OVERBERG RENOSTERVELD CONSERVATION TRUST NEWS
Newsletter 21, April 2020
by Dr Odette Curtis-Scott.
Nature bounces back – when humans take a step back
The world is a strange place right now. For the first time in many of our ‘living memories’, the entire globe is being impacted by something that is affecting each and every one of us directly.
Covid-19 is also teaching us many valuable lessons, and in many ways, it is teaching us to be more efficient. Because of the lockdown, we have not been able to travel to meetings and have instead held very productive discussions on Zoom or Skype – technologies that are enabling us to reduce carbon footprints and save precious time. I am determined to see the ORCT adopt this kind of approach into the future, and I believe many others are thinking along the same lines.
Of course, this time has been frustrating too… we are restricted to doing everything we can from home and we cannot go into the veld. This has also meant that the ‘induction’ period for our new staff member, Grant Forbes (our new Extension Officer), has had to happen remotely and not with the ‘bang’ that we had hoped for (nevertheless, we are thrilled to welcome Grant to our team!).
It has also postponed many of our face-to-face easement negotiations, the development of important management plans (as these require field surveys) and the implementation of restoration interventions which we had planned over this time (including 3 ecological burns which will now have to wait until 2021!). Still we do have good news to share: the recent signing of 2 conservation easements (shortly before lockdown was implemented – we have more info below).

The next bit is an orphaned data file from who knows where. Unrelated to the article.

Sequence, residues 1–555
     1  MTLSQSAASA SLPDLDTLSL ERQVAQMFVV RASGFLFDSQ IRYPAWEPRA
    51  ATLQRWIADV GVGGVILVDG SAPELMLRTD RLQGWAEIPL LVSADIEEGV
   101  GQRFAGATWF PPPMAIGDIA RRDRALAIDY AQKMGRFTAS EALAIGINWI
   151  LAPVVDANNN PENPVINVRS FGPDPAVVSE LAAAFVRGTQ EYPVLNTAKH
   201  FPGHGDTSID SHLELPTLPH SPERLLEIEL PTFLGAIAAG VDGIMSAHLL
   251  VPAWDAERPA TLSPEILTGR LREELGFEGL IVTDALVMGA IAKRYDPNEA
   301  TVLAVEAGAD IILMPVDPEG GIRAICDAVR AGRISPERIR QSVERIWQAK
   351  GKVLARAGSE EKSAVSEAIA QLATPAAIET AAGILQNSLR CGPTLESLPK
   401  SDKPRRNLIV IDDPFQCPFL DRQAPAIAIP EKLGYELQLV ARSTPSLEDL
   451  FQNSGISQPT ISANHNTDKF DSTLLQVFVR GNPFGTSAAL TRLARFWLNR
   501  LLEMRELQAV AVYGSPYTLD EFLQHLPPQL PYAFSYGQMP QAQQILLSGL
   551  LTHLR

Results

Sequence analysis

There are a number of tragic stories that have been told as a result of Covid-19. But there have also been some unexpected positive stories, demonstrating how quickly nature ‘bounces back’ when humans take a step back. This gives me hope. It is a reminder that there are places in the world where nature is still more resilient that we expected and where a few relatively small changes to our lifestyle can have such positive outcomes for our planet.
Our mission to continue fighting for the conservation of our precious Renosterveld is fuelled by the desire to ‘help’ these remnants to maintain and build this resilience and to ensure that these ecosystems continue functioning long after you and I have left this Earth.